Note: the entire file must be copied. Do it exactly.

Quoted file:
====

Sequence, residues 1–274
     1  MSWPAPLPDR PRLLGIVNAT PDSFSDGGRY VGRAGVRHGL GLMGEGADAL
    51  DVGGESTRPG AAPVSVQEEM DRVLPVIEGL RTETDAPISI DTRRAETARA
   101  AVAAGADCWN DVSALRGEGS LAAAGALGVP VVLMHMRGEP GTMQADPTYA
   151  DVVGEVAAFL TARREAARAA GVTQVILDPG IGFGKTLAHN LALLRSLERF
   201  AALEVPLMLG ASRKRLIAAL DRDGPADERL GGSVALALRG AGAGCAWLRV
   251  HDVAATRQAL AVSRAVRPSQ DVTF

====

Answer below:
Sequence, residues 1–274
     1  MSWPAPLPDR PRLLGIVNAT PDSFSDGGRY VGRAGVRHGL GLMGEGADAL
    51  DVGGESTRPG AAPVSVQEEM DRVLPVIEGL RTETDAPISI DTRRAETARA
   101  AVAAGADCWN DVSALRGEGS LAAAGALGVP VVLMHMRGEP GTMQADPTYA
   151  DVVGEVAAFL TARREAARAA GVTQVILDPG IGFGKTLAHN LALLRSLERF
   201  AALEVPLMLG ASRKRLIAAL DRDGPADERL GGSVALALRG AGAGCAWLRV
   251  HDVAATRQAL AVSRAVRPSQ DVTF